Home Canada Paralyzed from Saskatchewan bus crash, Ryan Straschnitzki plots return to ice

Paralyzed from Saskatchewan bus crash, Ryan Straschnitzki plots return to ice

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Upon hearing the news that he was paralyzed from the waist down as a result of the horrific collision between his hockey team’s bus and a semi-truck, 18-year-old Ryan Straschnitzki told his father he would be switching sports.

“When they told us, Ryan just looked at us and goes, ‘Dad, Olympic sledge hockey. I’ll get us the gold,” Tom Straschnitzki said.

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“I couldn’t fall apart there, I had to be strong for him but… that kid’s amazing. And those other kids are amazing also.”

The young defenceman from Airdrie, Alta. was on the Humboldt Broncos bus Friday evening when it crashed at the intersection of Highway 35 and Highway 335, about 30 kilometres north of Tisdale, Sask.

READ MORE: ‘Heartbroken and completely devastated’: 15 dead in Humboldt Broncos bus crash

Fifteen people onboard the bus are confirmed dead with four more in critical condition.

Straschnitzki has also reached out to his friend and trainer, Cody Thompson, telling him he is preparing to get back to work at White Collar Boxing Company in Airdrie.

“When we talked, he was like, ‘I have an injury, that’s it. I have an injury and we are going to get through it and I need to figure out what’s next,’” Thompson said.

Straschnitzki’s parents said he was thrown from the bus and broke his back. But even as he lay on the asphalt, unable to feel his legs, his concern was for his teammates.

“His main thought when he was lying on the road looking at everybody and he couldn’t move, he said he wanted to help,” mother Michelle Straschnitzki said.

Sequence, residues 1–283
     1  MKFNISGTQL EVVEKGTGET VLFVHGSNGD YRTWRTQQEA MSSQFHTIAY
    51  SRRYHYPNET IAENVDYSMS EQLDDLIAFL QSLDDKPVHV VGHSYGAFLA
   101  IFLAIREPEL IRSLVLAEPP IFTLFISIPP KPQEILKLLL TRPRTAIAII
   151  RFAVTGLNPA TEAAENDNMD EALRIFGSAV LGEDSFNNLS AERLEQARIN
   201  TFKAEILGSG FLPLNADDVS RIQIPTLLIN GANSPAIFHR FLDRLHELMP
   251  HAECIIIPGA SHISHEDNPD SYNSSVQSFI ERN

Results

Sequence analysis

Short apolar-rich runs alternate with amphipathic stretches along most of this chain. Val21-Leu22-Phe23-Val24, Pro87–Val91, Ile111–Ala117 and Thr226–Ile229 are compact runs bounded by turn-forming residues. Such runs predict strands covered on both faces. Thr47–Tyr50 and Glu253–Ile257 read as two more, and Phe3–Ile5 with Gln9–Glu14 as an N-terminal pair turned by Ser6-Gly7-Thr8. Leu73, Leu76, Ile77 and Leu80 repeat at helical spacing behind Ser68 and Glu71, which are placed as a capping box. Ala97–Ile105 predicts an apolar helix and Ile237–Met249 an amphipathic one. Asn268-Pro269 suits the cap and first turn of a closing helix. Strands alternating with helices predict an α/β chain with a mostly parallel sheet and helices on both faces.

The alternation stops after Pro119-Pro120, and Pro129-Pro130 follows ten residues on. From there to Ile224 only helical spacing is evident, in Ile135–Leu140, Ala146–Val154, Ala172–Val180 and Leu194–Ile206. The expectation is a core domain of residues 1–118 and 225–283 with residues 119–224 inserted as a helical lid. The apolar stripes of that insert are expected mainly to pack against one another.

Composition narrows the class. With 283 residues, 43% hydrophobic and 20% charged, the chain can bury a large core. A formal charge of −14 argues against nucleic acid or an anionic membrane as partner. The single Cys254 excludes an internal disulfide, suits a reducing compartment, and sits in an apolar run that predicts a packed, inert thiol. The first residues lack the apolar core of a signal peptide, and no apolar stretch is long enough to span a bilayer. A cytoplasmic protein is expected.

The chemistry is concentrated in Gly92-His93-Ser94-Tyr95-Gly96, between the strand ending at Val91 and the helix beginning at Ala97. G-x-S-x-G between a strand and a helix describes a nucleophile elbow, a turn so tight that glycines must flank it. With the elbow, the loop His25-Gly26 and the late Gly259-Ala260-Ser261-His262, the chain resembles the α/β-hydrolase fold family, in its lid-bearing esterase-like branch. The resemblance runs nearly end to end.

The young hockey player remembers details of the crash –- images his parents say he’ll have to live with as he goes forward in life.

“He does keep looking at the picture of the bus. He runs through in his head where everyone was sitting,” his father said.

“He does have survivor remorse, [saying] ‘If I was sitting there, I wouldn’t be here.’ We said, ‘Pal, you’re going to have that. You gotta be able to talk about it.’”

READ MORE: Grief can be a ‘lifelong’ journey when death is unexpected — tips on how to cope

Despite the devastating loss of his close friends and his difficult prognosis, Straschnitzki’s parents say he’s trying to make the hospital a better place – even asking doctors if he could use a wheelchair to make visiting his teammates easier. Medical staff told him his body wasn’t ready.

“He has his moments, but he’s trying to focus on the here and now, the boys that are [at the hospital]. He just wants to be able to see them and talk to them and visit,” Michelle said.

“He’s strong, he’s a fighter. He’s determined to get well.”

© 2018 Global News, a division of Corus Entertainment Inc.

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